Background: Centrosomes are the favored microtubule-organizing framework of eukaryotic cells. Centrosomes contain a pair of centrioles that normally duplicate once during the cell cycle to give rise to two mitotic spindle poles, each containing one old and one new centriole. However, aside from their role as an anchor point for pericentriolar material and as basal bodies of flagella and cilia, the functional attributes of centrioles remain enigmatic.
Results: Here, using RNA interference, we demonstrate that "knockdown" of centrin-2, a protein of centrioles, results in failure of centriole duplication during the cell cycle in HeLa cells. Following inhibition of centrin-2 synthesis, the preexisting pair of centrioles separate, and functional bipolar spindles form with only one centriole at each spindle pole. Centriole dilution results from the ensuing cell division, and daughter cells are "born" with only a single centriole. Remarkably, these unicentriolar daughter cells may complete a second and even third bipolar mitosis in which spindle microtubules converge onto unusually broad spindle poles and in which cell division results in daughter cells containing either one or no centrioles at all. Cells thus denuded of the mature or both centrioles fail to undergo cytokinesis in subsequent cell cycles, give rise to multinucleate products, and finally die.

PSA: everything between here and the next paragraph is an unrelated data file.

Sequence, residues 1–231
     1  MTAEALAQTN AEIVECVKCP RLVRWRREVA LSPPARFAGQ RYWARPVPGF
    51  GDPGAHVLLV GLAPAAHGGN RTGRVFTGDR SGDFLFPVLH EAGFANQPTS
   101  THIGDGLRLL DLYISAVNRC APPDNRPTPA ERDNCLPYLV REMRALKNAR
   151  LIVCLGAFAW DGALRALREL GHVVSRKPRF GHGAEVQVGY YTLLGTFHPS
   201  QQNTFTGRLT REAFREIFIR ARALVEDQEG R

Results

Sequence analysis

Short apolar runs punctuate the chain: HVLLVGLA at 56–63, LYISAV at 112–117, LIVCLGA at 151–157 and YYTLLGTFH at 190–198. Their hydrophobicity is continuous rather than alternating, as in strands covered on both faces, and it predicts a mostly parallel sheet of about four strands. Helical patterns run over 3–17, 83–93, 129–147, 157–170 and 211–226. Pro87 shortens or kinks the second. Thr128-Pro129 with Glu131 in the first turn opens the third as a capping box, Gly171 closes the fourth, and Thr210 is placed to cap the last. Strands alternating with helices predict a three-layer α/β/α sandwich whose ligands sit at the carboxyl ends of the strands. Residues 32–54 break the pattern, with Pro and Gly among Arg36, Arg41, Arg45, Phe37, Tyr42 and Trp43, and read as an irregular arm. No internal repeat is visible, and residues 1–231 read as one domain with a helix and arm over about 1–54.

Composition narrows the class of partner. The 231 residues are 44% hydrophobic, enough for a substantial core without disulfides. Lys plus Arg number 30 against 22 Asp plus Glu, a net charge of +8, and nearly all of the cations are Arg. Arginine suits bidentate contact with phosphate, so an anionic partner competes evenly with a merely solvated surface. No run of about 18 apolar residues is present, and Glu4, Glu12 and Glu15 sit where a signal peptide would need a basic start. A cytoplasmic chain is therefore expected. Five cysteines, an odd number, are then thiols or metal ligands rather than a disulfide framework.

Conclusions: These results demonstrate a requirement for centrin in centriole duplication and demonstrate that centrioles play a role in organizing spindle pole morphology and in the completion of cytokinesis.